National Oceanic and Atmospheric Administration Atlantic Oceanographic and Meteorological Laboratory



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U.S. DEPARTMENT OF COMMERCE

National Oceanic and Atmospheric Administration Atlantic Oceanographic and Meteorological Laboratory

4301 Rickenbacker Causeway Miami FL 33149



Project Instructions

Date Submitted: June 26, 2013
Platform: NOAA Ship Ronald H. Brown
Project Number: RB-13-04
Project Title: GO-SHIP Repeat hydrography cruise A16N
Project Dates: July 16 – September 30, 2013

Prepared by: ________________________ Dated: ___June 26, 2013____

Rik Wanninkhof

A16N Cruise coordinator

NOAA/OAR/AOML
Approved by: ________________________ Dated: __________________

Joel Levy

Program Manager

Climate Observation Division of the Climate Program Office

NOAA/OAR
Approved by: ________________________ Dated: __________________

Robert M. Atlas

Director, AOML

Approved by: ________________________ Dated: ________________

Captain Anita L. Lopez, NOAA

Commanding Officer

Marine Operations Center - Atlantic
I. Overview
A. Summary
This project will be a decadal reoccupation of repeat hydrography sections jointly funded by NOAA-COD/CPO (Climate Observation Division of the Climate Program Office) and NSF-OCE (National Science Foundation Division of Ocean Sciences) as part of the GO-SHIP (Global Ocean Ship-Based Hydrographic Investigation Program)/CO2/hydrography/tracer program.
Academic institutions and NOAA research laboratories will participate. The program focuses on the need to monitor inventories of CO2, heat and freshwater and their transports in the ocean. Earlier programs under CLIVAR, WOCE and JGOFS have provided a baseline observational field for these parameters. The new measurements will reveal much about the changing patterns on decadal scales. The program will serve as a backbone to assess changes in the ocean's biogeochemical cycle in response to natural and/or man-induced activity. Global warming-induced changes in the ocean’s transport of heat and freshwater, which could affect the circulation by decreasing or shutting down the thermohaline overturning, can be followed through long-term measurements. The Repeat Hydrography Program provides a robust observational framework to monitor these long-term trends. The goal of the effort is to occupy a set of hydrographic transects with full water column measurements over the global ocean to study physical and hydrographic changes over time.  These measurements are in support of:

* Model calibration and validation


* Carbon system studies
* Heat and freshwater storage and flux studies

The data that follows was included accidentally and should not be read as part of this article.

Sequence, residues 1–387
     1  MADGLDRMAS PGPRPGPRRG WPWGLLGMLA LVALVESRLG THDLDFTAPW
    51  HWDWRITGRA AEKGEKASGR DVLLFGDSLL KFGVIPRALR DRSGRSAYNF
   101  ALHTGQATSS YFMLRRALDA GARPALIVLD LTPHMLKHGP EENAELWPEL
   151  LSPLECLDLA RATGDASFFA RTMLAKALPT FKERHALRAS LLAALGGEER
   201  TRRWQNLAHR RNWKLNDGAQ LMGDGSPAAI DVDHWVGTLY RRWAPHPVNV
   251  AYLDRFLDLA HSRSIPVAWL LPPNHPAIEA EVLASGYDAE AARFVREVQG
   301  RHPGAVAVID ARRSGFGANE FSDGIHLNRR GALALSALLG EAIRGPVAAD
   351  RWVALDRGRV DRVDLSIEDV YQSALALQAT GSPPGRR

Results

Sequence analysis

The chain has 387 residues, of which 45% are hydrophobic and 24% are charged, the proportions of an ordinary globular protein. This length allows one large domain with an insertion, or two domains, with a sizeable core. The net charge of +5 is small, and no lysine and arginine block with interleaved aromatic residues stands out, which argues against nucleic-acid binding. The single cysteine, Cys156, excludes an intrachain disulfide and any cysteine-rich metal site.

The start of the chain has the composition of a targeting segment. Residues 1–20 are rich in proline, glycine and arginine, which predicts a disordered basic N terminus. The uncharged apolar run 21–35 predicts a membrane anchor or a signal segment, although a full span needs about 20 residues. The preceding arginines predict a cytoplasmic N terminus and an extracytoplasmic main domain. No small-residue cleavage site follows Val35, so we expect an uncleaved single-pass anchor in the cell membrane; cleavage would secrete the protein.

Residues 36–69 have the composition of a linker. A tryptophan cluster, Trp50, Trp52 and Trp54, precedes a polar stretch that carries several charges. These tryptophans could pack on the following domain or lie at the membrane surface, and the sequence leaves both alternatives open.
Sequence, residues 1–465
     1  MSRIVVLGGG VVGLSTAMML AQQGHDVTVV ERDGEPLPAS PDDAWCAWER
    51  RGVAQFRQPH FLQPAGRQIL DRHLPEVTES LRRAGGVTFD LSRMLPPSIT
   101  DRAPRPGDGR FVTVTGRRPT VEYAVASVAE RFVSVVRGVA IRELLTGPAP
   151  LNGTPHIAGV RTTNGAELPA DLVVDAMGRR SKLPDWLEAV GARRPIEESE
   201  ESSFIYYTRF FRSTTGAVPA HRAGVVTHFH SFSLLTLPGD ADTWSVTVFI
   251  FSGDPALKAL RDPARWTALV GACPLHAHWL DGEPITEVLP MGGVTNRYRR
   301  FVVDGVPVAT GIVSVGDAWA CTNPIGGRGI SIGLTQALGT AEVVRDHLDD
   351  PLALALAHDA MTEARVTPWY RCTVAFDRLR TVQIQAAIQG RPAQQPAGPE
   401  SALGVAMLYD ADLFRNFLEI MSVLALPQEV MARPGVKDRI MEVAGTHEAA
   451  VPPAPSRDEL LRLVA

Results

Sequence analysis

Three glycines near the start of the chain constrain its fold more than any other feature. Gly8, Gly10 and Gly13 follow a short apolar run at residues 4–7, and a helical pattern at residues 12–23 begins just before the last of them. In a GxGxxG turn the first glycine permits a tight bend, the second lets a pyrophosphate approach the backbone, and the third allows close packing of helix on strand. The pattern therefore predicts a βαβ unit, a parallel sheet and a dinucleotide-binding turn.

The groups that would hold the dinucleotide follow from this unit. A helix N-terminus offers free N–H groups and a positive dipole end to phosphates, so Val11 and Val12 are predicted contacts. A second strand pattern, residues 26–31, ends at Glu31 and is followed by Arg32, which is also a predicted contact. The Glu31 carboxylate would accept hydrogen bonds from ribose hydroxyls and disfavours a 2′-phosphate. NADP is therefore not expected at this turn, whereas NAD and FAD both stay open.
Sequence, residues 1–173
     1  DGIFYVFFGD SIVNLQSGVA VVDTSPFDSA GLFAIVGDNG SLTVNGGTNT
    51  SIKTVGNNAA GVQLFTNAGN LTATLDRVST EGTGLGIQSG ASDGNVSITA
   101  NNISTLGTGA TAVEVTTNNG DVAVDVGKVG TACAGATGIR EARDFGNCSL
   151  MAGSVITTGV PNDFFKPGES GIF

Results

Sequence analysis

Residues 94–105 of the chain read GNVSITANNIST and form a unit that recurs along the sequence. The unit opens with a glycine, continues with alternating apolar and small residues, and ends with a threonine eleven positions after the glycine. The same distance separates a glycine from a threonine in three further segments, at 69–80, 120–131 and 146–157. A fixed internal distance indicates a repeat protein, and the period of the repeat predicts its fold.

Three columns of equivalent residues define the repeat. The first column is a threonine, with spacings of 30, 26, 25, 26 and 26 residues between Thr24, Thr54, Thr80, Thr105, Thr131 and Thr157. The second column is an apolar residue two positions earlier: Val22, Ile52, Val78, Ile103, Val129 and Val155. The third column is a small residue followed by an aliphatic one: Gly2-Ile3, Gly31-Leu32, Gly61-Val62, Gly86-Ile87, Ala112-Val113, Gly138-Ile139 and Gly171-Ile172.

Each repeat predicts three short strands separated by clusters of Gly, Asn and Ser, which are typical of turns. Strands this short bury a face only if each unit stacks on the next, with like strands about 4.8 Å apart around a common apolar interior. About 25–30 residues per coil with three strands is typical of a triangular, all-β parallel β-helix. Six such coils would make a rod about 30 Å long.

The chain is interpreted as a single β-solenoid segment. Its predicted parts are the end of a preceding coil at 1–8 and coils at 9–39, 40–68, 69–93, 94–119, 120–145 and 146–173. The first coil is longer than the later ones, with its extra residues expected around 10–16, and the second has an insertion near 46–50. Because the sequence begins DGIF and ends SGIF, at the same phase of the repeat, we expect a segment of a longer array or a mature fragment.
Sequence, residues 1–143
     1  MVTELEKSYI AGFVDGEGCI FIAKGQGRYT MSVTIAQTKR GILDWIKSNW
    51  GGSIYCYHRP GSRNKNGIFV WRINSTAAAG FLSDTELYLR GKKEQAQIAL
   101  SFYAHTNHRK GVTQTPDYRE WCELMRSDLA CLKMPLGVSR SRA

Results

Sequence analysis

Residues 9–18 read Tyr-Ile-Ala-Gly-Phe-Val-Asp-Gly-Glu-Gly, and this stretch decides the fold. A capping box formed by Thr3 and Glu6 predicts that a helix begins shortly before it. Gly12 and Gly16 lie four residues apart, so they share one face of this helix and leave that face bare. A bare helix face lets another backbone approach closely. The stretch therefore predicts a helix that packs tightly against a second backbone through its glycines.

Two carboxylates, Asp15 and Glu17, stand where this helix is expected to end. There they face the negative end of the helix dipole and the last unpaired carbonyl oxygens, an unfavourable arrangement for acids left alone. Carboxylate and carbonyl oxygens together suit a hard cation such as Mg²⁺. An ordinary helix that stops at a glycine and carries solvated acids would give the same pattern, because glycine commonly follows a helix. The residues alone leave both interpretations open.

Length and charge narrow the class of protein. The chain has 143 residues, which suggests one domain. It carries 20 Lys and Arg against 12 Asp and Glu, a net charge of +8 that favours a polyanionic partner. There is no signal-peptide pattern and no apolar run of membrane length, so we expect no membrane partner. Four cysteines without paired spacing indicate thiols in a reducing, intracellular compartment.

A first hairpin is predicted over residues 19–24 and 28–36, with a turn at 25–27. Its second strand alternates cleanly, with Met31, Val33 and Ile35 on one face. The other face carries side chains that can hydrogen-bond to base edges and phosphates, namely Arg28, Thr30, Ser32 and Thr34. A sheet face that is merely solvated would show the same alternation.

* Deep and shallow water mass and ventilation studies
* Calibration of autonomous sensors

This program will follow the invasion of anthropogenic CO2, CFCs and other tracers into intermediate and deep water on decadal timescales and determine the variability of the inorganic carbon system, and its relationship to biological and physical processes. More details on the program can be found at: http://ushydro.ucsd.edu/

In addition to the CTD/rosette casts, separate trace metal casts will be made at some stations along the section, nominally at 60 mile spacing. This will be the largest-scale study ever done of the distribution of iron in the ocean. Because of contamination problems in sampling for iron and aluminum, these samples will have to be collected on separate casts, utilize a special trace-metal-clean winch and 1500 meter Kevlar coated cable provided by the trace metal investigators.
Near surface seawater (temperature, salinity, pCO2, ADCP, IOP, Flourometry) and atmospheric measurements (CO2, CFCs, aerosols) will be made along the cruise track. A few ALACE-type profiling floats will be deployed along the section.
B. Service Level Agreements
Originally 87 days on board NOAA Ship Ronald H. Brown were allocated for the A16N Project, between June 6 and September 15, 2013. These days, and the ship’s budget, were based on the original Ship Time Request Form (NF-57-11-01) for the project and the financial projections of the Vessel Operations Portfolio (VOP). For this project, NOAA Ship Ronald H. Brown’s (RHB’s) budget was based on a TRANSIT Fuel Tempo and MEDIUM Overtime budget. The final FY13 FAP was signed by the Fleet Council with A16N at 64 OMAO base funded days in support of OAR. The days are allocated as follows:
DEP:  7/16/13  Charleston RB-13-04a Transit

ARR:  7/27/13  Reykjavik

DEP:  8/1/13  Reykjavik RB-13-04b Leg 1

ARR:  8/22/13  Madeira

DEP:  8/27/13  Madeira RB-13-04c Leg 2

ARR:  9/25/13  Natal


C. Operating Area (including map showing op area)
The RB-13-04 cruise will focus on completing a long meridional section through the middle of the North Atlantic, nominally along 20˚W from 60˚N to 5˚S. (see Figure 1). This section repeats the A16N section occupied during the World Ocean Circulation Experiment (WOCE) and CLIVAR periods, hence this cruise is designated A16N2013. This is a repeat of the NOAA lead cruise in 1993 and 2003, during which a full suite of inorganic carbon, hydrographic and CFC measurements were performed. Full water column CTD stations will be occupied at 30 nautical mile intervals and include a large variety of physical, chemical and biological parameters.
During RB-13-04a (transit from Charleston to Reykjavik) underway measurements will be performed taking samples from the scientific supply seawater line. One scientist will ride the ship from Charleston to Reykjavik.
The operating area is in the North Atlantic Ocean with a schematic of the cruise track shown in Figure 1.



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